It would be easy to preemptively label 2016 as The Year of the Bad Biopic, but that would shortchange an entire 21st century already filled with bad biopics. Still, we’re off to a roaring start in this calendar year, with Elvis & Nixon, Miles Ahead, The Man Who Knew Infinity, I Saw the Light and Papa Hemingway in Cuba sinking to the bottom of a deep pile of bad 2016 biopics, with undoubtedly more to come. Just think: At this time last year, the bad biopics Trumbo and Joy were only white-hot, needle-sharp gleams in the eye of award season.
Interestingly, most of the 2016 films listed above were not told from the perspective of their ostensible protagonists, but rather from the point-of-view of a glomming sycophant. That makes it easier for the filmmakers to bypass both copyright infringement and general standards of good taste. In that respect, Oliver Stone’s Snowden distinguishes itself from the horde, since the entire narrative is filtered through the blandly enigmatic but fiercely intelligent perspective of hacker/whistleblower/traitor Edward Snowden.
In every other respect, though, the predictably constructed and overly strident Snowden is a paint-by-numbers book report of a message movie, just another bad 2016 biopic for the pile. Stone, who co-wrote the film along with The Homesman screenwriter Kieran Fitzgerald, has had a lot of success in his career twisting and perverting the biopic form for his firebrand objectives. But if you had any hope that the hot-button recentness of the subject matter would rouse Stone out of a two-decade stupor, forget it—Snowden is one of Stone’s most numbingly prosaic films.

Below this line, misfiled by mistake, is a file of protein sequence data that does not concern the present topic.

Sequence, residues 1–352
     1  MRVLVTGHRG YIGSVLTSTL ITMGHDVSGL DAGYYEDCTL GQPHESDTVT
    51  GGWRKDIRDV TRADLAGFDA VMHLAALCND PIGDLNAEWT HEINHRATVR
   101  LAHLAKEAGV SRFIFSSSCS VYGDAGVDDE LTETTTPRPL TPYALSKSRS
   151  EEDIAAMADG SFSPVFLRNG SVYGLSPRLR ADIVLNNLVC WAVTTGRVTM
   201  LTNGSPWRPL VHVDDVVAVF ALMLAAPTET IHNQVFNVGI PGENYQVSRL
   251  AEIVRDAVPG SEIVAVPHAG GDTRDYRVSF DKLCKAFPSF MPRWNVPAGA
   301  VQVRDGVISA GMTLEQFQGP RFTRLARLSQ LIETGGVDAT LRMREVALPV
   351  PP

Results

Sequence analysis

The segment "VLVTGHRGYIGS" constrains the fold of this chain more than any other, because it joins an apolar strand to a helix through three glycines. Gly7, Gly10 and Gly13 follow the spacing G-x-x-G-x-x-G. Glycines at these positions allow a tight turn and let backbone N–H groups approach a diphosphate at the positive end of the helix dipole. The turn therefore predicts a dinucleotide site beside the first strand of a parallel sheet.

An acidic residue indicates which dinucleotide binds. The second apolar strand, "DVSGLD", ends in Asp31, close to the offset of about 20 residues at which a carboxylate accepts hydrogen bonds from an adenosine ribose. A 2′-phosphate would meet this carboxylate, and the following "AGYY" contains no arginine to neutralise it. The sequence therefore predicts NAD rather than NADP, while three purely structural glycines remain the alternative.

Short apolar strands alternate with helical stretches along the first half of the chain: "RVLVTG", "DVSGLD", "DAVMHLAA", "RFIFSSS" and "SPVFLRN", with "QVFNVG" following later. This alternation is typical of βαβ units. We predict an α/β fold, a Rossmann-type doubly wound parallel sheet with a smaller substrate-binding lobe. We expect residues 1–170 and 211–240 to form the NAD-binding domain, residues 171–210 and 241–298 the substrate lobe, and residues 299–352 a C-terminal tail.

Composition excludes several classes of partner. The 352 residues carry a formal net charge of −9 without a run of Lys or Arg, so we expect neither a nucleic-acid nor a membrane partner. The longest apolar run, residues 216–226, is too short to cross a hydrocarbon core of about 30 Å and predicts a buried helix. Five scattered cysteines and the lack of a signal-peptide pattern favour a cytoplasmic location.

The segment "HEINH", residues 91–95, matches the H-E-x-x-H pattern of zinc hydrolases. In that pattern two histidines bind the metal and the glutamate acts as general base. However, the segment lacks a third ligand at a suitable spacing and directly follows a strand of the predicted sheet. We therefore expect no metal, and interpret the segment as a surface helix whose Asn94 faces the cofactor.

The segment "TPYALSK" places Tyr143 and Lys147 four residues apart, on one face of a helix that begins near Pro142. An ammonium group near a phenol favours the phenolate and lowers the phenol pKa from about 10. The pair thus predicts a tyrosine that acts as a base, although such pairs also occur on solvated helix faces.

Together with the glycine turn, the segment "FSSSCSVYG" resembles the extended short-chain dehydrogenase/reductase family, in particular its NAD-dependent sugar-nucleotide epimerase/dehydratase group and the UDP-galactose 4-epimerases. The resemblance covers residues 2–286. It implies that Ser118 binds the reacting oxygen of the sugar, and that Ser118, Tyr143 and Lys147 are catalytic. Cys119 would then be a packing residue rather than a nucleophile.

Joseph Gordon-Levitt stars as Snowden, flashing back through his life story while killing time in a Hong Kong hotel room alongside Glenn Greenwald (Zachary Quinto) and Laura Poitras (Melissa Leo). The “present-day” scenes in Hong Kong re-create moments directly from Poitras’ excellent 2014 documentary Citizenfour, and the flashbacks fill in the patriotic Snowden’s creeping moral disconnect with the American government. Both narrative strands play like dewy Edward Snowden fan fiction.
Shailene Woodley co-stars in the woefully underdeveloped role of Snowden’s longtime partner Lindsay Mills, Rhys Ifans plays an overbearing boss, Nicolas Cage cameos as a sympathetic mentor and almost every role is cast with a recognizable face, but all of the characters are just one-note sounding boards for Snowden. The film often feels more like a simpering advocacy documentary than a dramatic film, with Gordon-Levitt and Woodley coming off like beautiful and doe-eyed re-enactors.
Stone hasn’t made a good film in two decades, and it’s probably not a coincidence that his cold streak started when he lost hall-of-fame cinematographer Robert Richardson to Scorsese and Tarantino. It seems as though only Richardson could bring form and clarity to the illegibility of Stone’s consciousness. Other than Stone’s nakedly pro-Snowden bent (the film culminates in a hero shot that should irritate literally everyone), there’s nothing particularly necessary or notable about Snowden.
Citizenfour and books exist, so go ahead and skip this silliness.